Last Modified: Thursday, May 17, 2012 8:39 PM
’Tis the season for diplomas and mortarboards, tassel turns and Elgar’s “Pomp and Circumstance.”
College and, in particular, high school graduates who have or will walk down an aisle or across a stage this week to receive that hard-earned parchment have reached a watershed moment in their lives.
They should be proud of their accomplishments, as should their parents or guardians, other family members and friends.
Many high school graduates have plans to further their education at four-year universities or community or technical colleges. Others have committed to or soon will join one of the branches of this country’s armed services. Others will continue their current employment or enter the workforce to begin providing for themselves and others.
If they need inspiration or motivation for that next step on their life journey, they need look no further than Southwest Louisiana’s favorite son, Josh Ledet.
The Westlake singing phenom’s meteoric rise on “American Idol” is a tribute not only to Josh’s talent, but his persistence.
One year ago, Josh did not make it past the audition stage for the 10th season of “American Idol.” It would have been easy for him to let his dream die right there. Others probably have. Not Josh.
Determined to make his mark, he came back, worked his way through the auditions and made it to the big stage in Los Angeles.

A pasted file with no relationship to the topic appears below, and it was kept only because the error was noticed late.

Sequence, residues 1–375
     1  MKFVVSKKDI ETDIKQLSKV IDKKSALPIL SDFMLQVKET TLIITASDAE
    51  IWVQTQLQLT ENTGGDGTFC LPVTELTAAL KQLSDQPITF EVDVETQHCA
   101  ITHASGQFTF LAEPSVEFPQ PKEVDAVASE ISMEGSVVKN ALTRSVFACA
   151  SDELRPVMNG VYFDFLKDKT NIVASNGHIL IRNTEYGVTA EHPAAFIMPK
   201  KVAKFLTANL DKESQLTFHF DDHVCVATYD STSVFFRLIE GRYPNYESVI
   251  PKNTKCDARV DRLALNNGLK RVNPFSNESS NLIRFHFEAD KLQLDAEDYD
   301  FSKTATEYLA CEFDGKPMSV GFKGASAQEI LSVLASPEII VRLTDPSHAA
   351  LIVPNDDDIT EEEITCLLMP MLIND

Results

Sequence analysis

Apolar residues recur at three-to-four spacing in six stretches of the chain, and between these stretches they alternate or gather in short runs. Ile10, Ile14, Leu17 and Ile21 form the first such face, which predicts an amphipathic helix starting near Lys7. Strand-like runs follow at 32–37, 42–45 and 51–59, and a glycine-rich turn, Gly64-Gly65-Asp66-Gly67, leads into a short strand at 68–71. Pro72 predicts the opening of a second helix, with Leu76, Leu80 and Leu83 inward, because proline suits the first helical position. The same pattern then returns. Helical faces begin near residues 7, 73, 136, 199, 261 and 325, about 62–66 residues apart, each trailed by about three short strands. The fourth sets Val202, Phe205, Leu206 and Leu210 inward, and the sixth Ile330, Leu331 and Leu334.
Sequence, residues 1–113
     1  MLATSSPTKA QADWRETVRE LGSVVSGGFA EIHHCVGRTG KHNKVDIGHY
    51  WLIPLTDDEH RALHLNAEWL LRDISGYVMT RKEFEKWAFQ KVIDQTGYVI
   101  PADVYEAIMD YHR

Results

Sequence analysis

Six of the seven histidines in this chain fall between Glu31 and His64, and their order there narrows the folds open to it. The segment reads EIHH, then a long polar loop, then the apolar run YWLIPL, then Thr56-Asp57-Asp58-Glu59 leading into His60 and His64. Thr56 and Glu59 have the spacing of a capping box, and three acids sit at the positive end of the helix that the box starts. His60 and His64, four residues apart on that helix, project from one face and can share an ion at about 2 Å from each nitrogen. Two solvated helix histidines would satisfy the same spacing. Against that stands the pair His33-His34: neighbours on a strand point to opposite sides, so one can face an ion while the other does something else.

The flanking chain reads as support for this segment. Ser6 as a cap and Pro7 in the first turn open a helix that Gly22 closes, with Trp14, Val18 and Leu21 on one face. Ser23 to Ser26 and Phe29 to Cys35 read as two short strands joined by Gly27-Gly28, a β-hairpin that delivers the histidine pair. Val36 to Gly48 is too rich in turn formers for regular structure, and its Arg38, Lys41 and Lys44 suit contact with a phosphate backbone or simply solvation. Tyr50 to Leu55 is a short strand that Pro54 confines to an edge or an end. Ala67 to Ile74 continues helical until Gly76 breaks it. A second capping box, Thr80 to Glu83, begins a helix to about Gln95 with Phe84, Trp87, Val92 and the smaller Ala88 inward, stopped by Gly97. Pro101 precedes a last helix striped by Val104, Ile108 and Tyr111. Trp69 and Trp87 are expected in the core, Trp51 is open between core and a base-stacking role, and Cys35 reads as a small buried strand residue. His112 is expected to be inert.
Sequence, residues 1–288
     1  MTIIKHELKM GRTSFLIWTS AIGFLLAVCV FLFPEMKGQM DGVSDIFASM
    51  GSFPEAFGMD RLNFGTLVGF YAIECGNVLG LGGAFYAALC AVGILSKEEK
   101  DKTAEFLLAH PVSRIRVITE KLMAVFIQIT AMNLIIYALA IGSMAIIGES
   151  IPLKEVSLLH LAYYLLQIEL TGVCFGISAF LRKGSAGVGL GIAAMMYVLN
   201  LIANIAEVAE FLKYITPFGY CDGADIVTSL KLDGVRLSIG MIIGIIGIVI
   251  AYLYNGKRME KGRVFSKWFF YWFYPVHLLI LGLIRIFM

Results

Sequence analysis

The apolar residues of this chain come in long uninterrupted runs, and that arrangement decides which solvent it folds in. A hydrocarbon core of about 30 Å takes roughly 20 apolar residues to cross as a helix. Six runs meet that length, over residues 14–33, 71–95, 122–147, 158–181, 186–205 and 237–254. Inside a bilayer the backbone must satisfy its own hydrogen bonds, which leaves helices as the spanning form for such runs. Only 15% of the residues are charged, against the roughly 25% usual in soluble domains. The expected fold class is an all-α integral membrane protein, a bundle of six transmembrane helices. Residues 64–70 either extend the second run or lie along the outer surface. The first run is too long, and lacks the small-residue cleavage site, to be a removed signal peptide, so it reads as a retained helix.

He credits a wonderful support system from family and friends for spurring him on.
But what would have happened if someone had told Josh that he was following an impossible dream, that there was no way he could make it to the “American Idol” finals, that he didn’t have the talent or drive to succeed? And what would have happened if Josh had listened and followed that advice?
American history books are filled with stories of perseverance — of men like Abraham Lincoln and Thomas Edison, who overcame long odds and failure, of women like Susan B. Antony and Helen Keller who overcame societal barriers and physical hardships, of civil rights giants Sojourner Truth and Rosa Parks, who overcame injustice to leave an inedible mark on their world.
And there’s the words of legendary film producer Samuel Goldwyn who once observed, “the harder I work, the luckier I get.”
Maybe there’s no one else in Southwest Louisiana with Josh Ledet’s singing talent. But who are we to surmise that? Maybe there is another singer with Ledet’s talent, and just as importantly, his drive and tenacity.
But while none of the rest of us may make “American Idol” that doesn’t mean we cannot become an “American Idol” as a teacher, a fireman, a plumber, an accountant, even a journalist.
To all graduates, never lose sight of your dreams. Never give less than your best effort. Never forget that education should be a lifetime experience.
Hence, commit to being a lifetime learner.
This editorial was written by a member of the American Press Editorial Board. Its content reflects the collaborative opinion of the Board, whose members include Bobby Dower, Ken Stickney, Jim Beam, Dennis Spears, Crystal Stevenson and Donna Price.